[ Case study ]

Nano School transforms a school of the future into a graduate high school for nanotechnology and molecular science. It delivers the curricula, technologies and teacher training to make nanoscience a coherent curricular focus throughout high school. Students will graduate with an advanced understanding of nanoscience at the foundation of their education, preparing them to pursue the field professionally. Students gain molecular literacy by hands-on modeling and experimentation. From fullerenes and carbon nanotubes to nanoparticles and nanowires, they design nano-devices on computer screens and explore their behaviors and properties. They understand the links between what these devices can do and their underlying molecular and atomic interactions. Students investigate, for example, why carbon nanotubes (see image) are stronger than steel, but much lighter.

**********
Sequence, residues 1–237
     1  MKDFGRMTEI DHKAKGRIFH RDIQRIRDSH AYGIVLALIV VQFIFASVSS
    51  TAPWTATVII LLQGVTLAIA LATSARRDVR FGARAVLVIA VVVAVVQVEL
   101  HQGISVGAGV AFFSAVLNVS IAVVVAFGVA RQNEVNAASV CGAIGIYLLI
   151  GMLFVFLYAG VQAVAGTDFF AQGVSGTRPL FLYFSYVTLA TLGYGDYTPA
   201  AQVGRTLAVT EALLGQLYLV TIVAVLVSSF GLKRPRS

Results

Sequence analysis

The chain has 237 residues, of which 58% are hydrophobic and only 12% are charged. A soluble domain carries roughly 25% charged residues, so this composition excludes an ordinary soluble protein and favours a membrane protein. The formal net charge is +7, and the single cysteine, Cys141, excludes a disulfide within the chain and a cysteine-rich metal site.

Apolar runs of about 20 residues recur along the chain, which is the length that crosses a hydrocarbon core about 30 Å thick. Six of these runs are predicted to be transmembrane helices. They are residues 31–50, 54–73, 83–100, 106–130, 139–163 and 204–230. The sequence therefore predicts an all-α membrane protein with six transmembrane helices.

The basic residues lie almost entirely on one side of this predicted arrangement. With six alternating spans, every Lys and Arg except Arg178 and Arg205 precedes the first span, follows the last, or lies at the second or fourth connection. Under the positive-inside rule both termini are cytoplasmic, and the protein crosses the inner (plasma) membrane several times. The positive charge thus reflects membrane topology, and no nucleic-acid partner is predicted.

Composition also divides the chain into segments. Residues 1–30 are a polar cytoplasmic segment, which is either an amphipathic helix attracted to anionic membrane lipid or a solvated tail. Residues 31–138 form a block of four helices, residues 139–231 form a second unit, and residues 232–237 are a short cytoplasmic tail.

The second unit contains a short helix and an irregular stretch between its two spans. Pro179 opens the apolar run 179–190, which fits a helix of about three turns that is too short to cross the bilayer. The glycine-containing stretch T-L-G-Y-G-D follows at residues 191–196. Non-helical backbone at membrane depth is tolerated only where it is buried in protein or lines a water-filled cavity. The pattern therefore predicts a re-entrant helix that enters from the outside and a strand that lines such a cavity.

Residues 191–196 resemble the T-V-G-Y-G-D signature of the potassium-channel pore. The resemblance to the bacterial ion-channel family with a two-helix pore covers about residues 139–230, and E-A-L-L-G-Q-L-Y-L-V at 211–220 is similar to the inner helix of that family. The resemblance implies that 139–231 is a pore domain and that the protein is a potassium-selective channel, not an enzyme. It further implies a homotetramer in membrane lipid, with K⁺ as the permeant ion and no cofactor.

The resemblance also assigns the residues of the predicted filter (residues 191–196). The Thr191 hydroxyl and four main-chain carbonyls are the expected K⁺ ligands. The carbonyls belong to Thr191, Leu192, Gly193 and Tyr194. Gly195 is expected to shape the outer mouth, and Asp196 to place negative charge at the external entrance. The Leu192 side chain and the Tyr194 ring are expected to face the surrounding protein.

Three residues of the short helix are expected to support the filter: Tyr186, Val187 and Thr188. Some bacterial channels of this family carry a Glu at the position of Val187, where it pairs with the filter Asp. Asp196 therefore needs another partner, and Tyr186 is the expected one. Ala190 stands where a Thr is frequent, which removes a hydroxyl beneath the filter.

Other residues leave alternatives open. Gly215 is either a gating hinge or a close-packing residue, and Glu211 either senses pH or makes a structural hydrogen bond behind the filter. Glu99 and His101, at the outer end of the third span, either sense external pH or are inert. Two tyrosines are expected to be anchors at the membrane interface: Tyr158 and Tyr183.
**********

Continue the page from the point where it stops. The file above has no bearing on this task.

Nano School provides the support science teachers need to deliver multidisciplinary curriculum, concept integration, innovative modeling techniques, and hands-on projects in nanotechnology. Working in teams, teachers use interdisciplinary modules, helping students to build upon concepts from one science domain to another as they advance in their education. Cutting-edge frontier science usually does not reach secondary education for many decades. In 1989, the image on the left heralded the dawn of modern nanotechnology for the public. Scientists used an atomic force microscope to position 35 xenon atoms to spell their corporation’s name. Only twenty years later, nanoschool offers a comprehensive curriculum centered around the revolution in nanotechnology and its promise, thus accelerating the pace by which advanced knowledge is taught in classrooms.